Cupping is an ancient remedy dating back to 1550 BC. The oldest medical book in the world The Ebers Papyrus describes the Egyptians’ use of hijamah (cupping). In China, the earliest description of horn method (using animal horn) was in book Fifty Two Diseases from Han dynasty (202 BC). Over 2000 years, Cupping has been part of Chinese medical practice, among which are acupuncture, Qigong, herbal and dietary therapy. Cupping helps all diseases through balancing Yin Yang and energy flow. From modern medical perspective, cupping increases blood circulation. This relieves muscle tension and promotes tissue repair.
Cupping is made of bamboo, glass, ceramic, silicon and plastic. There are two main categories of practice today. Dry cupping is a suction-only method. Wet cupping involves both suction and controlled medicinal bleeding.
Recent years, people are enthusiastic about cupping due to famous athletes and celebrities’ engagement. However, like any therapy, it should be careful if you have skin irritation, on blood thinner, pregnant or with some medical conditions. Side effects include dizziness, nausea, skin bruise and blister. Wet cupping leads to hepatitis and HIV if the cups are not sterilized. Please check the practitioner’s training before cupping therapy.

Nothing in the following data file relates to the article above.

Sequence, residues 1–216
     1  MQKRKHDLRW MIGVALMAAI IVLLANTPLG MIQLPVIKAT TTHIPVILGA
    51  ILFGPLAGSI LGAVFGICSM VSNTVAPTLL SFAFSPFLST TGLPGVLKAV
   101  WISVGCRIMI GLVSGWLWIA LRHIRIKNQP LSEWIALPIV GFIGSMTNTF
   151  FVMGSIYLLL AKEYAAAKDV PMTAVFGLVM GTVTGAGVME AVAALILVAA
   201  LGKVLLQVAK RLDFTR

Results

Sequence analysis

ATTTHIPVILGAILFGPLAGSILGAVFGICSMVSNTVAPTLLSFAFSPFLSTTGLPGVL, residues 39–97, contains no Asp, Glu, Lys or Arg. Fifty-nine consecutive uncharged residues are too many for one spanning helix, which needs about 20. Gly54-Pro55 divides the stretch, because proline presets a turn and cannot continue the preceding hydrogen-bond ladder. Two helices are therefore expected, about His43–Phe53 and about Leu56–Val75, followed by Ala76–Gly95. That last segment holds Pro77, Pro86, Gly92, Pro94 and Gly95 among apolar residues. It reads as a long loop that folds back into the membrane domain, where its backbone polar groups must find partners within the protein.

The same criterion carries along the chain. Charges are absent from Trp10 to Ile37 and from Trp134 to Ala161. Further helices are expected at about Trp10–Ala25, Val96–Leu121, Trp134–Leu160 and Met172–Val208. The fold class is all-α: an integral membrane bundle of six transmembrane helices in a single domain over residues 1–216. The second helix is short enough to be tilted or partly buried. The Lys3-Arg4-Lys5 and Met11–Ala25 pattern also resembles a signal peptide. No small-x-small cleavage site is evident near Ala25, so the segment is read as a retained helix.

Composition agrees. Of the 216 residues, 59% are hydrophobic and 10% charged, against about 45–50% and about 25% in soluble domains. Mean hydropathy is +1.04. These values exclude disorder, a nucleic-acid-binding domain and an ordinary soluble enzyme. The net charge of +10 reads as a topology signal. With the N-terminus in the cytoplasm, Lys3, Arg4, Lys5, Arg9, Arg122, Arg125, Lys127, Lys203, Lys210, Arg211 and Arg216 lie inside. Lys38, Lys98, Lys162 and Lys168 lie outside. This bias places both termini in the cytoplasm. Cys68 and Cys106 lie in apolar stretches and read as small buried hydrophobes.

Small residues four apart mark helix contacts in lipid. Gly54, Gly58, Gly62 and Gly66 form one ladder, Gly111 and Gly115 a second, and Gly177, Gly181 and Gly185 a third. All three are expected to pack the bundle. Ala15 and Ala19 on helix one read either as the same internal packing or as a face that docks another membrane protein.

Yu Kang, LAc, RD, LD, DipOM
Yu first began healing studies with her parents, who are well-known doctors of Oriental Medicine in her hometown Zibo -a mid-sized city in northern China. At the age of 15, she was accepted by Shandong University of Traditional Chinese Medicine as one of the youngest students in school history. After eight-year training in Western and Oriental Medicine, she graduated with a doctoral degree of oriental Medicine. Yu then went to China Academy of Traditional Chinese Medicine to be further trained in acupuncture and herbal medicine under the most influential doctors of Oriental Medicine in China. Prior to her arrival in the United States, Yu was a neurologist in Xiyuan Hospital, Beijing. Yu’s extensive training also includes a master’s degree in Nutrition from the Pennsylvania State University, and a one-year dietetic internship at the Beth Israel Deaconess Medical Center-a teaching hospital of Harvard Medical School. Yu is a licensed acupuncturist, a registered dietitian, and a certified herbalist from the National Certification Commission for Acupuncture and Oriental Medicine (NCCAOM).
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